I’d been told that hearing is the last sense to go, so I asked the officer to hold the phone to her ear. Which she did.

I’ve no idea if Mum heard me, but I talked. I told her she wasn’t alone. That we were all with her. That we loved her so much. That she’d been a fantastic Mum and we were so grateful to her. That she wasn’t to worry because we were all safe (something she constantly fretted over) and we wouldn’t fight (for some reason she felt that when we got together we needed a referee!) and we’d look after each other—

That’s as far as I got before the ambulance officer came back on the line.

Mum had gone.

The week that followed was surreal. Those that came after—plus Christmas and New Year—were just as … odd. I guess after five years constant focus on being part of a team of carers, it’s not surprising that life suddenly feels weird. Like something’s missing. Or broken. I’m adrift. 

It’s changing. Slowly. I’m finding my way back to daily writing. Learning to be happy with small steps. Trying not to feel guilty about taking up my own joys again.

I know if Mum were here she’d tell me to stop being silly. To get on and make the most of every moment, every breath. Because one day, the moments will end. The breath will be gone.

But letting go seems so … wrong, somehow. Like, by letting go, I’m saying she doesn’t matter. That her death was a small thing, something easy to walk away from.

If you’ve lost someone you love, you’ve probably been through these same feelings. Wondered the same thing. 

I’m here to tell you that you’re not a lousy daughter, or a heartless son. You’re human. My sisters and I did everything we could—every possible thing—and still we wonder if we could have done more … even while knowing we couldn’t have.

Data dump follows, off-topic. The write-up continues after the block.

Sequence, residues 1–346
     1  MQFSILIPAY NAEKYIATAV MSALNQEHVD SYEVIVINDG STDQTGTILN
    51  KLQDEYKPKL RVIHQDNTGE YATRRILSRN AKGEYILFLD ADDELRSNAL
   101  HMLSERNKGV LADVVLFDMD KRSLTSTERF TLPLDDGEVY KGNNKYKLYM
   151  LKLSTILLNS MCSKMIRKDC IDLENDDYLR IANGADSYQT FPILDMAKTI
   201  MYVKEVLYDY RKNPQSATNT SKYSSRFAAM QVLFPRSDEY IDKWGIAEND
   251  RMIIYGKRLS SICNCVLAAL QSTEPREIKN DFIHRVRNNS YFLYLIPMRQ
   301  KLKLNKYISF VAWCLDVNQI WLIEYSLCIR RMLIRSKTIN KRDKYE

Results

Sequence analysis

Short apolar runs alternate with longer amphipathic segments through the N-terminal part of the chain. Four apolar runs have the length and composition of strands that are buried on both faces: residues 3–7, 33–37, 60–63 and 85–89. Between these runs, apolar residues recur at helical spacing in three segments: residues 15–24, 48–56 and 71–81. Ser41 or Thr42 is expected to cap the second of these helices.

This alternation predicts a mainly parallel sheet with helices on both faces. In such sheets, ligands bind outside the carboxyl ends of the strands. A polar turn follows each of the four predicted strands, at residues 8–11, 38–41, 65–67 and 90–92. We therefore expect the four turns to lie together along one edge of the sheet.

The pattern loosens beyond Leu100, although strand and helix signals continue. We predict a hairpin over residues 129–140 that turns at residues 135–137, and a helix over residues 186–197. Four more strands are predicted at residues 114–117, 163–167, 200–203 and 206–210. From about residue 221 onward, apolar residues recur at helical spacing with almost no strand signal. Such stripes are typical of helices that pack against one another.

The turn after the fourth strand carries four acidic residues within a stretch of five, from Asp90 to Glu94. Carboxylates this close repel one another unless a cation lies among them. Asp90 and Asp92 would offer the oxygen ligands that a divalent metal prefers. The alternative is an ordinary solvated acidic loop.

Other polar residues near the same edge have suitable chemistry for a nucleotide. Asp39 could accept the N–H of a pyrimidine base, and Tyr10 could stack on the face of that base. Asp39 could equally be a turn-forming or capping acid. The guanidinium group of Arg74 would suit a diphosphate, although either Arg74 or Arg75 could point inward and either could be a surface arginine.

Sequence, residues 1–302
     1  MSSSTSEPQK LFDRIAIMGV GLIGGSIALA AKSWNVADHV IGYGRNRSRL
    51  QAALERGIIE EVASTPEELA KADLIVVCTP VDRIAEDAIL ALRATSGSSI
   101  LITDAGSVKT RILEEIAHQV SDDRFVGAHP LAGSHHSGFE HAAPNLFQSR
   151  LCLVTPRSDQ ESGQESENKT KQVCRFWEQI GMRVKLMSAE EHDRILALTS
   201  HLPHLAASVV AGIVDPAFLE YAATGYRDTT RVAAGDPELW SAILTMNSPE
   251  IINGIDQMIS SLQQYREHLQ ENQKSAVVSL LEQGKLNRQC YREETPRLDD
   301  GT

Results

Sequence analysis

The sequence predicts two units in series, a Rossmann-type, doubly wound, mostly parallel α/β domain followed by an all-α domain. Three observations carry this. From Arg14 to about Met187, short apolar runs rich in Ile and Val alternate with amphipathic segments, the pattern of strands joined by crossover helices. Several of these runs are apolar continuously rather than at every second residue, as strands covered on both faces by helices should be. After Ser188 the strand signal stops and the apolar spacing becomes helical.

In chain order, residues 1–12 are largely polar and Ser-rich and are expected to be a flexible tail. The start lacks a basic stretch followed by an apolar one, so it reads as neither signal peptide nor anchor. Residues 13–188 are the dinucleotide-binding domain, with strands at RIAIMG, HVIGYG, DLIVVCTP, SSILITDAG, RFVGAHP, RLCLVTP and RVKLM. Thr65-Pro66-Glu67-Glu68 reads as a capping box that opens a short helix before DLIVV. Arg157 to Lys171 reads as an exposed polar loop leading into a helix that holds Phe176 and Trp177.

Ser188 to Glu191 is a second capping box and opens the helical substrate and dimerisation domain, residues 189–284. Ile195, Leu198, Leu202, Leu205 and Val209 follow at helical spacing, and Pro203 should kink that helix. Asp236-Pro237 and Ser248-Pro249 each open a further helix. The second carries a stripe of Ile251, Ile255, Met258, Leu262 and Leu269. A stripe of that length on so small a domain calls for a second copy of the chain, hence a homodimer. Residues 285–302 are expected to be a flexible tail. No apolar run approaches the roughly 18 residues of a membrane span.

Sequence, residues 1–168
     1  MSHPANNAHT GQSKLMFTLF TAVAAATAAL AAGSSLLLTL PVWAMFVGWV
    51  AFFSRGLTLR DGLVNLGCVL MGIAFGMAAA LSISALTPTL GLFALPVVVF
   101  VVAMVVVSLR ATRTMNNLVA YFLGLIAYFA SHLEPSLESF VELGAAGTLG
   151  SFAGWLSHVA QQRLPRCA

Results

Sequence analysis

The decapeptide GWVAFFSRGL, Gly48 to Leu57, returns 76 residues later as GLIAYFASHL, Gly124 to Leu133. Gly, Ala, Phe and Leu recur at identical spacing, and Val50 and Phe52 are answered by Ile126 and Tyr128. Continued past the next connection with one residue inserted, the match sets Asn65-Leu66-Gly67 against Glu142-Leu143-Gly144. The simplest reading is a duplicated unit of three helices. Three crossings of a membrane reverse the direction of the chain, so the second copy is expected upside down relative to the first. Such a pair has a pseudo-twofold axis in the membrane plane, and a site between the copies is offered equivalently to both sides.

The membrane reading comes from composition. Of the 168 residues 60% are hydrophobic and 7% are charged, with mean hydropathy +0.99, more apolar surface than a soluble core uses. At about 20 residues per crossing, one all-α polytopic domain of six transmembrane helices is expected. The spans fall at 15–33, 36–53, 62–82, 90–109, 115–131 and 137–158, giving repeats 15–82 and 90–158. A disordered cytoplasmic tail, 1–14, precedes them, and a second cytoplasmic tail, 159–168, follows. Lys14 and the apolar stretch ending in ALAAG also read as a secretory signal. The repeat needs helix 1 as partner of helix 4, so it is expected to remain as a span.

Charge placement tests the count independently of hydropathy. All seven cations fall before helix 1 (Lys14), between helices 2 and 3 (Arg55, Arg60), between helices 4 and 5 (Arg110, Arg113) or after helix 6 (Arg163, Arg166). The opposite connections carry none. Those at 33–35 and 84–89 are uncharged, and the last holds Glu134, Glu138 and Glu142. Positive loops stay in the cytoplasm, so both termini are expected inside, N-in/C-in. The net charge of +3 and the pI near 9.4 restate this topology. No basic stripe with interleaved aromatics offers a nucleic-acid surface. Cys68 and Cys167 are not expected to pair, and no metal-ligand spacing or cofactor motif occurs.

Love gives, yes. But in the end, Love’s true gift isn’t something you give. It’s what you become with what you’ve been given. Mum would be the first to say she wasn’t the perfect parent. But she—and Dad—gave us a sensitive moral compass and a solid foundation of practical love. Those two things are as much part of us as our blood and bones, and we are what we are—and do what we do—because of it.

Goodnight, Mama Bear. I love you.

Miss you every day.

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Louise
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Forgiveness was the hardest concept to accept after my Mum’s passing. Accepting that everything that could be done had been done was the first hurdle to overcome, then the survivor guilt and a general sense of loss and confusion. My way of coping was to include Mum in conversations, reference things she’s said, keep her memory alive and inclusive, try to think about what she would have done in certain circumstances, talk about her like we used to talk about Nan and other relatives that had been part of our lives and still were. It will be two years this… Read more »